In the beginning, the town of Humboldt said:
Let there be a parade.
And so it was, and ever shall be, known as Biblesta.
For more than half a century, the Biblesta Parade has a been tradition in this one-stoplight southeastern Kansas town, about a 2 1/2-hour drive due east of Wichita.
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This Saturday marks the 52nd year for the parade that features floats of Biblical proportions.
There's the ever-popular crowd-pleaser "Jonah and the Whale," a motorized 40-foot whale with a man riding in its mouth.
"It's big and squirts water. And Jonah? You can see him from the waist on down, kicking his legs. It really hits people. They can't believe it," said one of this year's parade announcers, Ken Lott.
Besides floats, the town of 2,000 decorates some downtown stores with window displays based on Biblical events. Musical groups — nationally known Christian recording artists such as Hands of Glory, Community Choir, and the Missourians — will perform throughout the morning at the town square. Musical groups start performing at 10 a.m. and continue throughout the day, except for the parade and awards presentations.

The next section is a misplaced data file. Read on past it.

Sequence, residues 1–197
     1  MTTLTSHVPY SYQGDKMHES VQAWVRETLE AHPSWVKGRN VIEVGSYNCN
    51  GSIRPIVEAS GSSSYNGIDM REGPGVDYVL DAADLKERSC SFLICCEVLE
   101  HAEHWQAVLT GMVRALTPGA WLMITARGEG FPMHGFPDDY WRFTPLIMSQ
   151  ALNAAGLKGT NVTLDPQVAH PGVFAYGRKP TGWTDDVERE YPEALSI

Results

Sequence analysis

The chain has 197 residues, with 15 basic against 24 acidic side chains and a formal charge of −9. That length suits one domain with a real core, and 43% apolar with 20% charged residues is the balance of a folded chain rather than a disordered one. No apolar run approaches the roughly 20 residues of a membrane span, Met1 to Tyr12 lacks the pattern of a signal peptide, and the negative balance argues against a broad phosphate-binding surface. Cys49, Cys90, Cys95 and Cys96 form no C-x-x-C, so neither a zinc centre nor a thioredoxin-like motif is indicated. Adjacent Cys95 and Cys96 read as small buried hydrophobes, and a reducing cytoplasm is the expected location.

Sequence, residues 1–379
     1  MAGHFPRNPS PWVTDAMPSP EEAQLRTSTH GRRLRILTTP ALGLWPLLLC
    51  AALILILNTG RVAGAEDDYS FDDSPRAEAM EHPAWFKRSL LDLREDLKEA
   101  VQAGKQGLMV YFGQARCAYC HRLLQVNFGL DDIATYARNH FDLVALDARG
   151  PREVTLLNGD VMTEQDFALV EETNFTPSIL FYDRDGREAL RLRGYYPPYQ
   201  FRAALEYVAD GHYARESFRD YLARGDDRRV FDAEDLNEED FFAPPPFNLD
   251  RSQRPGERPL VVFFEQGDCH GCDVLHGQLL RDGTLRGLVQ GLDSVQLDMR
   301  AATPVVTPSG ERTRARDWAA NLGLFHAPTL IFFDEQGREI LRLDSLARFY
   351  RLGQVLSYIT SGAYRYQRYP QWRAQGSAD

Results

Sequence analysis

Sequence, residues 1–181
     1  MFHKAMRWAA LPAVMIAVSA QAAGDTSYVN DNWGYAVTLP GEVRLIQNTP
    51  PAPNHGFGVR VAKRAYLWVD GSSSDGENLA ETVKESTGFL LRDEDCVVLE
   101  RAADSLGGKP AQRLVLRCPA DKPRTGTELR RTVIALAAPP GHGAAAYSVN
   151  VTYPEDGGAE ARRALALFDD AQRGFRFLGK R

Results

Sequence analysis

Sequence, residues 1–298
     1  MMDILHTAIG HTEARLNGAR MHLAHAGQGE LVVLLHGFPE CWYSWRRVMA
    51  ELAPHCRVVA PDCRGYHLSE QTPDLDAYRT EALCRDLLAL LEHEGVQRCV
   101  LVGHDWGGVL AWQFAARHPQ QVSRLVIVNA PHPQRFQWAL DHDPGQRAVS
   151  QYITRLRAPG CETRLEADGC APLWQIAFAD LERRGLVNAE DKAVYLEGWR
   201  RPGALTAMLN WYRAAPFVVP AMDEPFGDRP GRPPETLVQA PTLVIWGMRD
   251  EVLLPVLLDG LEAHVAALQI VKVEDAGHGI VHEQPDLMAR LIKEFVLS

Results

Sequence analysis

Beginning at 5 p.m., those attending Biblesta will be treated to a free bean feed.
"Biblesta is the only 100 percent, nonprofessional, strictly Bible, church-type parade in the United States," said Larry Barnett, this year's Biblesta chairman. "We've had it for 52 years in a row except for the one year it was canceled."
"We had a flood that year," he said.
The parade starts at 1:30 p.m., and covers 12 to 15 blocks. Parade floats are judged in these categories: best drama, most authentic, most beautiful and most spectacular.
The grand prize winners receive $200 and a trophy. First prize winners receive $100. The winners are expected to donate the cash to a mission of the winner's choice or the American Bible Society.
"I don't think we get into a real competitive mood," Lott said. "It's more about what we can do to impress people."
Beside the biblical floats, the parade features walking entries, equestrian units and marching bands.
In past years, some entries have included local churches whose members dressed as Israelites and herded cattle and sheep along the parade route.
This year's entries include floats featuring Noah's Ark, Abraham sacrificing Isaac, and the Fishers of Men.
The inspiration for the parade came in 1957 to Arthur Carlson, a local veterinarian who, as his church was in prayer and preparing for a revival, envisioned a parade.
A catchy name was needed. Two words came to mind: Bible and Fiesta.
So, let it be written "Biblesta."